The influence of a Mediterranean diet with and without red wine on the haemostatic and inflammatory parameters of subjects with the metabolic syndrome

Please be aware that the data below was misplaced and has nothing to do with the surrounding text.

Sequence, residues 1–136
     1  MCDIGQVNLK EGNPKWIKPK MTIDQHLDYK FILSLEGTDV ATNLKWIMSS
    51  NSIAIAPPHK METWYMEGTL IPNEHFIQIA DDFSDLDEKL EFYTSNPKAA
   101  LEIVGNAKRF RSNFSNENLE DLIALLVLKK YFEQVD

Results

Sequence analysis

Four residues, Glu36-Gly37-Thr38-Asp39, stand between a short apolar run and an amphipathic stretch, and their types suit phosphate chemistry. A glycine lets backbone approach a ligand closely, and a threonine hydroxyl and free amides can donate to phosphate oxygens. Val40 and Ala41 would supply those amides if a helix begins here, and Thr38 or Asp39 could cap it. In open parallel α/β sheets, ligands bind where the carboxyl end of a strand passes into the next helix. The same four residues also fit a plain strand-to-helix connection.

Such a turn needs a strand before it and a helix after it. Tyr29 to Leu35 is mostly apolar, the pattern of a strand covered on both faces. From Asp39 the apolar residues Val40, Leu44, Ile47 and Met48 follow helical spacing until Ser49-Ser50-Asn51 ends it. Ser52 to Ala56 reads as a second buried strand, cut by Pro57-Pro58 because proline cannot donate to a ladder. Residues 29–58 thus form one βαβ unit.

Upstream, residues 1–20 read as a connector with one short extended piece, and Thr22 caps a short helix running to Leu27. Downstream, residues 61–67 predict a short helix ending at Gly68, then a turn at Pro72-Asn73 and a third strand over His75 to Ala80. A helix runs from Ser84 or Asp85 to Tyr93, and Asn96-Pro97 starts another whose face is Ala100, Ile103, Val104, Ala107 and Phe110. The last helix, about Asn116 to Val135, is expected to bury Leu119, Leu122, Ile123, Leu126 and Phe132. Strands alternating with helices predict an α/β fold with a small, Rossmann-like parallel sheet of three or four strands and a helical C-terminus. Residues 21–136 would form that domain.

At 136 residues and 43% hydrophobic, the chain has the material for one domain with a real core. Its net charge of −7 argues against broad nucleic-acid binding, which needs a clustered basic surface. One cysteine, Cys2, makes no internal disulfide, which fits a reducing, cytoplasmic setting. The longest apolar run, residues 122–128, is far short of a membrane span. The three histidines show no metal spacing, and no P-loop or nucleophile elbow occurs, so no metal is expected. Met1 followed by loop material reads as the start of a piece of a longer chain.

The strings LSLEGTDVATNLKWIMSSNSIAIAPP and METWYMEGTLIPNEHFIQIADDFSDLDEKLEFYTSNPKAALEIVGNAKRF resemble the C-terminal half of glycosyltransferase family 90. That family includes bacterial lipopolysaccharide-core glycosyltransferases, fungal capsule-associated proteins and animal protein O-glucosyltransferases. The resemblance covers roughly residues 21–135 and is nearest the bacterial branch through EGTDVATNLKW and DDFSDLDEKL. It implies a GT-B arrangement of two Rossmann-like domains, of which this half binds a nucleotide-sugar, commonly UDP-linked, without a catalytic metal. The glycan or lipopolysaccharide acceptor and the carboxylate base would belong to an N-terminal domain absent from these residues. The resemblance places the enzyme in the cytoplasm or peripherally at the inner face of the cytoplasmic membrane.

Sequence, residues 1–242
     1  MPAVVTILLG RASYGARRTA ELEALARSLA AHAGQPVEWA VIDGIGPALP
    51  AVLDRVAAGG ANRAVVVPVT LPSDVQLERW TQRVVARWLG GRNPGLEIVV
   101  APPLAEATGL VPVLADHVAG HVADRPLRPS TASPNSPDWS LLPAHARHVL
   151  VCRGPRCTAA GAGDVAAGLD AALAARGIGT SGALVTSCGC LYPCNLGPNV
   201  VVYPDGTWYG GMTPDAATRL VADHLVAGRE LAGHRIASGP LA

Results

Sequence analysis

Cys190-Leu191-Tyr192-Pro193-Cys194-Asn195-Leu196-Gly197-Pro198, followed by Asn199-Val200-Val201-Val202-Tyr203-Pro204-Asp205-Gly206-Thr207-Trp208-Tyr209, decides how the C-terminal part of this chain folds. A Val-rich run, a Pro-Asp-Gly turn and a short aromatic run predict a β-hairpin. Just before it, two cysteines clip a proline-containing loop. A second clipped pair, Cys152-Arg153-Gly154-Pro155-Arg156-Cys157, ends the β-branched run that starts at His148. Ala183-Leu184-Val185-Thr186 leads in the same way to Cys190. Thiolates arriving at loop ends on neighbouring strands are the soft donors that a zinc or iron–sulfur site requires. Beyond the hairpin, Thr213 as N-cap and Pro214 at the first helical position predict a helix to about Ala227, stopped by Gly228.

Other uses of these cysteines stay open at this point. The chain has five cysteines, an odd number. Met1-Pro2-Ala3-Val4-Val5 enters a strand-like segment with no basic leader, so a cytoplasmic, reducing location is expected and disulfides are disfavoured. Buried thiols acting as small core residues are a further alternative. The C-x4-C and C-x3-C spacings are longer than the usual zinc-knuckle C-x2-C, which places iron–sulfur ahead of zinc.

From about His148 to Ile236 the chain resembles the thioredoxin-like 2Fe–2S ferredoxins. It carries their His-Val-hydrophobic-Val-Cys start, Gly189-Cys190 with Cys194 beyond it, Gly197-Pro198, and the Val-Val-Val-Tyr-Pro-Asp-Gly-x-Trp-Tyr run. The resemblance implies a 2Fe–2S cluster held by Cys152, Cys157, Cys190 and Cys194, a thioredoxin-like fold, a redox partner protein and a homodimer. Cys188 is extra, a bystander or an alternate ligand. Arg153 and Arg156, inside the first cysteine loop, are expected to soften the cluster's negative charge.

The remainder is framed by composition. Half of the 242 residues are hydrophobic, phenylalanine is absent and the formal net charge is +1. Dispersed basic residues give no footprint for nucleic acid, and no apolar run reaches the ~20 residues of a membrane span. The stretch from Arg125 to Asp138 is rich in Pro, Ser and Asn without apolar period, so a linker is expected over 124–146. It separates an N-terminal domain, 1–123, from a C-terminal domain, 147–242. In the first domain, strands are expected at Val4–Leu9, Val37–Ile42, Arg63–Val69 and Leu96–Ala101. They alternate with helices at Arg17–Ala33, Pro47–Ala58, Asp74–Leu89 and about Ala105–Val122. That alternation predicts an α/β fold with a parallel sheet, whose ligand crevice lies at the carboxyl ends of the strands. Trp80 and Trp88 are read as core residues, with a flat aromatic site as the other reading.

This 8 week study examined whether a Mediterranean diet supplemented with red wine, had an acute impact on subjects diagnosed with the metabolic syndrome. Twelve non-smoking subjects with diagnostic criteria of the metabolic syndrome on minimal medication, consumed a Mediterranean-like diet for 4 weeks respectively without and with red wine. The amount of red wine consumed was 250 ml (26 grams of alcohol) per day for male and 180 ml (19 grams) per day for female participants. A nutrigenetic profile for cardiovascular risk factors was performed on each participant. Fasting blood specimens were taken at baseline, after the diet and after the diet with wine interventions for platelet function, procoagulants FVII and FVIII, von Willebrand's factor, fibrinogen, tissue plasminogen activator, plasminogen activator inhibitor-1, highly sensitive C-reactive protein and oxygen radical absorbance capacity (ORAC). After both periods of diet without wine and with wine, ORAC increased significantly compared to baseline levels. Except for platelet H2O2 fluxes and FVII concentration, none of the haemostatic or inflammatory parameters changed significantly after the intervention periods compared with baseline levels. Genetic risk factors for cardiovascular disease were identified in all study participants and the potential genotypic effects relevant to this study were generally in agreement with expected phenotypic response following the dietary intervention. Our conclusions are that the period of intervention was too short for substantial changes in haemostatic or in inflammatory parameters in subjects who already manifest some changes in their cardiovascular system and who showed diverse genetic profiles underlying increased cardiovascular risk.